Melanosis Coli (cont.)
Melissa Conrad Stöppler, MD
Melissa Conrad Stöppler, MD, is a U.S. board-certified Anatomic Pathologist with subspecialty training in the fields of Experimental and Molecular Pathology. Dr. Stöppler's educational background includes a BA with Highest Distinction from the University of Virginia and an MD from the University of North Carolina. She completed residency training in Anatomic Pathology at Georgetown University followed by subspecialty fellowship training in molecular diagnostics and experimental pathology.
In this Article
- What is melanosis coli?
- What are the symptoms of melanosis coli?
- What causes melanosis coli?
- How is melanosis coli diagnosed?
- What is the prognosis (outcome) of melanosis coli?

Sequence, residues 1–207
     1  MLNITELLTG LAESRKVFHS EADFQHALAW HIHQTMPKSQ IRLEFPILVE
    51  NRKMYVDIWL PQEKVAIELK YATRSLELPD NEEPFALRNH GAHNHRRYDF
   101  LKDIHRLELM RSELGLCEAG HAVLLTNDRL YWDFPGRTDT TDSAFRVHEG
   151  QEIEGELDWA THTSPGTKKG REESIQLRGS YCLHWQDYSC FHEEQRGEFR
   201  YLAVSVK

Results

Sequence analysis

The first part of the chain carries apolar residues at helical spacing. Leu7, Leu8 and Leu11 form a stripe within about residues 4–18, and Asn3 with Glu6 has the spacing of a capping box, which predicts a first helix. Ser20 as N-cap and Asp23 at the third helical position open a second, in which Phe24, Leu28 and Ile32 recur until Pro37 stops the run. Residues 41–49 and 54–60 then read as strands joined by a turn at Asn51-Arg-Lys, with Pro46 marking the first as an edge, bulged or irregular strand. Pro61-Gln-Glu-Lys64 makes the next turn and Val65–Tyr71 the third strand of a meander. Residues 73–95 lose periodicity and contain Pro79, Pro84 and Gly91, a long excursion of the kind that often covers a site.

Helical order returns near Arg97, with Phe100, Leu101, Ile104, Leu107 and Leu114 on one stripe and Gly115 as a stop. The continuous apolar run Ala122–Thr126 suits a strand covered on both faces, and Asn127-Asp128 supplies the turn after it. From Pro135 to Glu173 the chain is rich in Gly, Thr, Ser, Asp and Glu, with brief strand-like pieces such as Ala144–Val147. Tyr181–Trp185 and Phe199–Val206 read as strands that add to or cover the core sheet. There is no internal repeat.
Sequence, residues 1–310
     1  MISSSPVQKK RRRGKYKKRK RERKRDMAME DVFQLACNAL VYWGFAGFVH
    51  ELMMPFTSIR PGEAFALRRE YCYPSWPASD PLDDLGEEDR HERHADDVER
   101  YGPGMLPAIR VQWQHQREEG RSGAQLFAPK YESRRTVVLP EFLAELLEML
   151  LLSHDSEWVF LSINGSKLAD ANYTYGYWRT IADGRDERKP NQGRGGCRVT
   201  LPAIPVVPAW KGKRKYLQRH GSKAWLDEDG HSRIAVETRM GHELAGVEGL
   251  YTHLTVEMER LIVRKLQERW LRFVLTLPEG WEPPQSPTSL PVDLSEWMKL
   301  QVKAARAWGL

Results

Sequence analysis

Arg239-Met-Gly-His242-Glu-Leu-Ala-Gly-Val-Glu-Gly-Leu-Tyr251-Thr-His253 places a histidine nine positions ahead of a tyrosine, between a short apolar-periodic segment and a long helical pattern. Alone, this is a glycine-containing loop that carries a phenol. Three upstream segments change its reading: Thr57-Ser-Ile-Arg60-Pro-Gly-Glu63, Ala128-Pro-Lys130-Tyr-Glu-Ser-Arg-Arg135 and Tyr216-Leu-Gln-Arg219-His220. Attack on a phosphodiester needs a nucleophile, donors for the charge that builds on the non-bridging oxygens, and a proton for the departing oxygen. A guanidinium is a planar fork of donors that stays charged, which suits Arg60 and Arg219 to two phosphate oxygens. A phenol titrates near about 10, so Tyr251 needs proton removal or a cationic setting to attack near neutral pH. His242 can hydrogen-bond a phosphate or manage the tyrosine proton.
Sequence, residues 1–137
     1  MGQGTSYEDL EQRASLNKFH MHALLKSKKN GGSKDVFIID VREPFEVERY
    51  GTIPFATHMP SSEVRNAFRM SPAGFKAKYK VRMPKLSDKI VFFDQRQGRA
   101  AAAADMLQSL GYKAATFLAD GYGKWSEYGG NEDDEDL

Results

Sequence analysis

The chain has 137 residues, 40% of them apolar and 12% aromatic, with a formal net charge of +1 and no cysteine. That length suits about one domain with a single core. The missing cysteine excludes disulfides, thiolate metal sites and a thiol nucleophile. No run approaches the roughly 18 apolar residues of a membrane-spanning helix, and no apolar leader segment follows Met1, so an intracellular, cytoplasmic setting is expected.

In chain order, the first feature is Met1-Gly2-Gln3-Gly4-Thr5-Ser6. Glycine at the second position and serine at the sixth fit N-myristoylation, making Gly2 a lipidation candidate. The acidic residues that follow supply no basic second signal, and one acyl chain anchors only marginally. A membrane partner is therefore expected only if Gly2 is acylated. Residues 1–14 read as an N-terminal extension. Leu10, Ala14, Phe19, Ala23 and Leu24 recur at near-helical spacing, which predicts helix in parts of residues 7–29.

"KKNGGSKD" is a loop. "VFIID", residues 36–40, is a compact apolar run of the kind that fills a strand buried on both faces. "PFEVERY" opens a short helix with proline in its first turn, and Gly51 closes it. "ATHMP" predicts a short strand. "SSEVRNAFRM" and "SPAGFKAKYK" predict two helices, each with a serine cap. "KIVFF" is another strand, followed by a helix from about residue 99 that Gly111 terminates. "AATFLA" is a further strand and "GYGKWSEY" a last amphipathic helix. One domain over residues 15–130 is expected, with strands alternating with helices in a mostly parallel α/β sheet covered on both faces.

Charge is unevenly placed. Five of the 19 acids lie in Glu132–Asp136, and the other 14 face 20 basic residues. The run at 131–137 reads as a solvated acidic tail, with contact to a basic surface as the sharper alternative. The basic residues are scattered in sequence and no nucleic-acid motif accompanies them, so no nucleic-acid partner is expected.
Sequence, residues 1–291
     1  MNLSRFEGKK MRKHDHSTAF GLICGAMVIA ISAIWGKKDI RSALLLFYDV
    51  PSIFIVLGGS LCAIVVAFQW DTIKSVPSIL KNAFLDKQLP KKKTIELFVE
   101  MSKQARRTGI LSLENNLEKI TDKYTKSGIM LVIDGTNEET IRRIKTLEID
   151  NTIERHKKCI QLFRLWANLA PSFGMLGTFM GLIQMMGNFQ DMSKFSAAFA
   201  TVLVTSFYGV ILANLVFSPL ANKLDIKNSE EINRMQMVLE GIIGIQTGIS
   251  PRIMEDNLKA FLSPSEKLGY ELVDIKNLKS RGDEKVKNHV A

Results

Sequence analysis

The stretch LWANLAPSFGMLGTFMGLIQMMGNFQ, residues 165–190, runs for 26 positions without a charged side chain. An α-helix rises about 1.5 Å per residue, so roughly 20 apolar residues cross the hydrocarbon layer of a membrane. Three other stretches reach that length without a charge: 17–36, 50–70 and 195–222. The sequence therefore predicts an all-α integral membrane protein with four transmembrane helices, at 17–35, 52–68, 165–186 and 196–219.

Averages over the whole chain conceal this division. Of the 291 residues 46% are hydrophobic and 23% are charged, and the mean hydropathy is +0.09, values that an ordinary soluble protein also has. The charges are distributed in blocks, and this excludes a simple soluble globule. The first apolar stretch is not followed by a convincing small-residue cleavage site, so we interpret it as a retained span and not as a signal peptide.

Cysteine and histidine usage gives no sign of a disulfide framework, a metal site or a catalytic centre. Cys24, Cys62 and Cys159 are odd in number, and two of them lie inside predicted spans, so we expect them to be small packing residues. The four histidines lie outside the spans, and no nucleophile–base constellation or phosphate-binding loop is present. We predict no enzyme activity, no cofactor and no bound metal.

- Find a local Gastroenterologist in your town
How is melanosis coli diagnosed?
Melanosis coli can be observed during endoscopic procedures that examine the large intestine, such as colonoscopy and sigmoidoscopy . Sometimes the diagnosis is made upon microscopic examination of biopsies taken during endoscopic procedures.
What is the prognosis (outcome) of melanosis coli?
If a person stops using anthranoid laxatives, the changes associated with melanosis coli lessen over time and may disappear.
Early studies suggested that anthranoid laxatives might have carcinogenic or tumor-promoting activities in humans and that the presence of melanosis coli might signal an increased risk for the development of colorectal cancer. However, more recent follow-up studies have failed to show an association between colon cancer and anthranoid laxative use or between colon cancer and the finding of melanosis coli.
Medically reviewed by Avrom Simon, MD; Board Certified Preventative Medicine with Subspecialty in Occupational Medicine
REFERENCE: Shazia Ahmed, M.D., and Naresh T. Gunaratnam, M.D. Melanosis Coli. N Engl J Med 2003; 349:1349October 2, 2003
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